Reducing the time you estimate something will take gives you two advantages. The first is you get your work done quicker, obviously. The second is you put yourself under a little time pressure and in doing so you reduce the likelihood you will be distracted or allow yourself to procrastinate.

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    When we overestimate how long something will take, subconsciously our brains know we have plenty of time and so it plays tricks on us and we end up checking reviews of the Apple Watch 4 or allow our colleagues to interrupt us with the latest office gossip.

    Applying a little time pressure prevents this from happening and we get more focused and more work done.

    4. Use the Power of Your Calendar

    Once you have your time estimates done, open up your calendar and schedule your to-dos. Go through your to-dos and schedule time on your calendar for doing those tasks. Group tasks up into similar tasks.

    For emails that need attention on your to-do list, schedule time on your calendar to deal with all your emails at once. Likewise, if you have a report to write or a presentation to prepare, add these to your calendar using your estimated time as a guide for how long each will take.

    Seeing these items on your calendar eases your mind because you know you have allocated time to get them done and you no longer feel you have no time. Grouping similar tasks together keeps you in a focused state longer and it’s amazing how much work you get done when you do this.

    5. Make Decisions

    For those things you wrote down that are on your mind but are not tasks, make a decision about what you will do with each one. These things are on your mind because you have not made a decision about them.

    If you have an issue with a colleague, a friend or a loved one, take a little time to think about what would be the best way to resolve the problem. More often than not just talking with the person involved will clear the air and resolve the problem.

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    If it is a more serious issue, then decide how best to deal with it. Talk to your boss, a colleague and get advice.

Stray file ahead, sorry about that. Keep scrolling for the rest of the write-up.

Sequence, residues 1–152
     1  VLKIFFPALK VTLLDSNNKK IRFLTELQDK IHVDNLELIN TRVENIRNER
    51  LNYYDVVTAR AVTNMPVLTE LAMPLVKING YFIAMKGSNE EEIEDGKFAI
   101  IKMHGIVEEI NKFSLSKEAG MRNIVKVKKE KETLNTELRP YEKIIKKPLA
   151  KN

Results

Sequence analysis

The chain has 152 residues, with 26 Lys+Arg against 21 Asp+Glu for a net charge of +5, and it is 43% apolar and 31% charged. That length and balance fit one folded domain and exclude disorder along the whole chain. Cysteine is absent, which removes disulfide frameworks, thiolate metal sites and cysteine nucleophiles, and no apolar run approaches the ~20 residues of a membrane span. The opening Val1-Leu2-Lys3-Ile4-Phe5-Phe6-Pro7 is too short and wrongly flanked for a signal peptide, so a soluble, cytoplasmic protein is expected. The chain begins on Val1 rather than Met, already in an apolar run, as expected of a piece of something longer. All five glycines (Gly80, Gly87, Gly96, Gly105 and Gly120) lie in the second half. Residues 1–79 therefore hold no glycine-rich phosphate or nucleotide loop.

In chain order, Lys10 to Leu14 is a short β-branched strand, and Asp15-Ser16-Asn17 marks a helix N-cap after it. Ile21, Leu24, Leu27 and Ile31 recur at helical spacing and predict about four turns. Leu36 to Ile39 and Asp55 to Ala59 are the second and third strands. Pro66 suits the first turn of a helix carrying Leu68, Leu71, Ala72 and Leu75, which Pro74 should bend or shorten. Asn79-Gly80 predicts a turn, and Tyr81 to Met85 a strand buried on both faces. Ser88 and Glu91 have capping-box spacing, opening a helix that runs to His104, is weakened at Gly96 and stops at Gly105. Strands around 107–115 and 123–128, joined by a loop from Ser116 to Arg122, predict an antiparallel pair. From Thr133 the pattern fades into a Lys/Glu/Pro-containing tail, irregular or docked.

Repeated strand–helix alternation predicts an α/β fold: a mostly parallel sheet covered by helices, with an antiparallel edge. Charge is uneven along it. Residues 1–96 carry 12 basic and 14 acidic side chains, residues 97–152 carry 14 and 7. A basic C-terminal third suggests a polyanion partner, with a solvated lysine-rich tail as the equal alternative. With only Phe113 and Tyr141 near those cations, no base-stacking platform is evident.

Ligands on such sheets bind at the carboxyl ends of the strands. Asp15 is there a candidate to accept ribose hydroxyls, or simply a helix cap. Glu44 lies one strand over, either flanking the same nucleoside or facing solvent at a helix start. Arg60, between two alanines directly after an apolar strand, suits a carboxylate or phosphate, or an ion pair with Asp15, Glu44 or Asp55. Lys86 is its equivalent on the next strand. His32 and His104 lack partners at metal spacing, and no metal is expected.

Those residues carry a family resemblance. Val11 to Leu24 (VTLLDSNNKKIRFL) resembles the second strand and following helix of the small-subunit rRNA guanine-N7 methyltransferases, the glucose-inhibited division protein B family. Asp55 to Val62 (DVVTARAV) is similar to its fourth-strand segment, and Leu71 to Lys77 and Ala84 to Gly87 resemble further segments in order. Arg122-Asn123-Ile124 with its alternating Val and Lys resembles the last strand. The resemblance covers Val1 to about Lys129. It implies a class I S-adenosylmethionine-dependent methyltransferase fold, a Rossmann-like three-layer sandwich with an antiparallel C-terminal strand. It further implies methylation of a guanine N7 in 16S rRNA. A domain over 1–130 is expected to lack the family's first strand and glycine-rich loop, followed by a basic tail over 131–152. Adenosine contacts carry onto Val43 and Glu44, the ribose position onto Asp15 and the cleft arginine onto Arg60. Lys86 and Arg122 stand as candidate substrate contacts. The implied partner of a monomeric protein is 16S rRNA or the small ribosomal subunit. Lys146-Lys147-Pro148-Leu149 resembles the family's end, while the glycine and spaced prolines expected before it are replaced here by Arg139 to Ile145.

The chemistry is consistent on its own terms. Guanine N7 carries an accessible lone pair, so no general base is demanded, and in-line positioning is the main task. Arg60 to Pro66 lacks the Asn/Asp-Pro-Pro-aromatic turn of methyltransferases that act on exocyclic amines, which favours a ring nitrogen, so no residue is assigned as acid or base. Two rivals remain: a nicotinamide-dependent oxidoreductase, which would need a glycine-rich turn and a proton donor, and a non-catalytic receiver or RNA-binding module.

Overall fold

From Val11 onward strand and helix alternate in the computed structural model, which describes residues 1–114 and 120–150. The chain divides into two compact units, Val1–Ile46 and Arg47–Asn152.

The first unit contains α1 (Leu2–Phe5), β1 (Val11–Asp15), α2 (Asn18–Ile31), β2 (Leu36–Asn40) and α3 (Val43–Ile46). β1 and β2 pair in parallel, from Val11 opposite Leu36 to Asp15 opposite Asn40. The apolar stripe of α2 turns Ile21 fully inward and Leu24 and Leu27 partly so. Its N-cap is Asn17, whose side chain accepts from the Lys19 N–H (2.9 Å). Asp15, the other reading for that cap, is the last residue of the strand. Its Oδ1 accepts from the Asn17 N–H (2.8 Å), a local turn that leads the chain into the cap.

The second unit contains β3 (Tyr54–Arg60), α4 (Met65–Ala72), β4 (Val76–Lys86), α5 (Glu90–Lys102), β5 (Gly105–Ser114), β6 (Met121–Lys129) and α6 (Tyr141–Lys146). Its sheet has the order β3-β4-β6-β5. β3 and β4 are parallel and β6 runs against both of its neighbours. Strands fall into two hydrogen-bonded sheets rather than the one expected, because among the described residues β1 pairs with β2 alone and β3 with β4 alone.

Whatever you do, do not allow it to fester. Ignoring the problem will not make it go away. You need to make a decision to deal with it and the sooner you do so the sooner the problem will be resolved. (You can take a look at this guide on How To Make Good Decisions All The Time.)

    I remember long ago, when I was in my early twenties and had gone mad with my newly acquired credit cards. I discovered I didn’t have the money to pay my monthly bills. I worried about it for days, got stressed and really didn’t know what to do. Eventually, I told a good friend of mine of the problem. He suggested I called the credit card company to explain my problem. The next day, I plucked up the courage to call the company, explained my problem and the wonderful person the other end listened and then suggested I paid a smaller amount for a couple of months.

    This one phone call took no more than ten minutes to make, yet it solved my problem and took away a lot of the stress I was feeling at the time. I learned two very valuable lessons from that experience:

    The first, don’t go mad with newly acquired credit cards! And the second, there’s always a solution to every problem if you just talk to the right person.

    6. Take Some Form of Action

    Because overwhelm is something that creeps up on us, once we feel overwhelmed (and stressed as the two often go together), the key is to take some form of action.

    The act of writing everything down that is bothering you and causing you to feel overwhelmed is a great place to start. Being able to see what it is that is bothering you in a list form, no matter how long that list is, eases the mind. You have externalized it.

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    It also means rather than these worries floating around in a jumbled mess inside your head, they are now visible and you can make decisions easier about what to do about them. Often it could be asking a colleague for a little help, or it could be you see you need to allocate some focused time to get the work done. The important thing is you make a decision on what to do next.

    Overwhelm is not always caused by a feeling of having a lack of time or too much work, it can also be caused by avoiding a decision about what to do next.

    The Bottom Line

    Make a decision, even if it is to just talk to someone about what to do next. Making a decision about how you will resolve something on its own will reduce your feelings of overwhelm and start you down the path to a resolution one way or another.

    When you follow these strategies to can say goodbye to your overwhelm and gain much more control over your day.

    More Tips for Reducing Work Stress

    Featured photo credit: Andrei Lazarev via unsplash.com